HUDDLES QUICK HINTS

1. MAINTAIN A CONSISTENT AND REGULAR MEETING SCHEDULE
Huddles are an effective way to improve communication, and can be held between one and five times per week.
Frequent or daily huddles may be appropriate when performance is poor, during a process implementation, or a change in management structure.
If your team is consistently meeting productivity and inventory goals, we recommend holding huddles to discuss positive progress once or twice a week.
Maintaining a consistent meeting routine will help keep staff engaged, accountable and aware of expectations.  The frequency of huddles will vary depending on the type of work and the level of team performance.
2. KEEP HUDDLES BRIEF
Huddles should take no longer than 10-15 minutes.
All able-bodied participants should stand during the huddle.
Limit the number of staff attending the huddle: typically, no more than 10-15 staff at one time.
Keeping huddles brief will limit the amount of time staff spend away from productive work and help keep the meeting focused.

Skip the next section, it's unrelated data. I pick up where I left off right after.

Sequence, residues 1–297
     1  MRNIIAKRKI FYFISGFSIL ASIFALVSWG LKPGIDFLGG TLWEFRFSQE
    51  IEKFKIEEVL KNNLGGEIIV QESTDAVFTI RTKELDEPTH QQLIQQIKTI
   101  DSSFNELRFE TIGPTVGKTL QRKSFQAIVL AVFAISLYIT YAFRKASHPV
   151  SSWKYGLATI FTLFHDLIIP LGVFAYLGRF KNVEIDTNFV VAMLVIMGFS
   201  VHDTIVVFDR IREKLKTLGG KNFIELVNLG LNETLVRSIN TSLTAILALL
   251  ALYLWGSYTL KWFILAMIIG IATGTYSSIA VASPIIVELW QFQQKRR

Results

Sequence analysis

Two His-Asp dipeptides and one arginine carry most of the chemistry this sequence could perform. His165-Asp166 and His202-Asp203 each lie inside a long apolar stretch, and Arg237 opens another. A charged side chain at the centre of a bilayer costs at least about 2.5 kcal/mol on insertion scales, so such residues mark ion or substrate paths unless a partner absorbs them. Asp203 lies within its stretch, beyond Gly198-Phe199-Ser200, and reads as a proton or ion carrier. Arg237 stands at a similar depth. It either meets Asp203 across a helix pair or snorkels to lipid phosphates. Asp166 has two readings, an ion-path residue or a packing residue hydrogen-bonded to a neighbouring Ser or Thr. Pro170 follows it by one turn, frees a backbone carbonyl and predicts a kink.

3. MEET IN A WELL DEFINED SPACE
Huddles should be held away from the staff working area – typically a small meeting room or office.
When necessary to hold standups in the cubicle area, staff should step outside of their workstation.
Meeting in a defined space will enable staff to be more open while talking about metrics or issues as well as limiting any distractions.
4. BRING GOAL-ORIENTED METRICS AND REPORTS
Each staff member attending the huddle should have productivity and inventory goals, which get reported and reviewed as a team.
If no reporting exists, staff should self-report production and inventory in front of the group.
Bring and discuss department and team level operating metrics and goals.
Individual staff performance should be an open topic of conversation during huddles and will drive operational improvement.  Additional operating metrics help management and staff work together to achieve institutional and department goals.
5. STANDARDIZE THE HUDDLE AGENDA
Huddles should focus on three categories:  metrics, issues and "wow" moments.
On a limited basis, relevant institutional updates or process change announcements can be shared during huddles.
Standardizing the huddle agendas will save management preparation time and give staff consistent expectations for sharing information.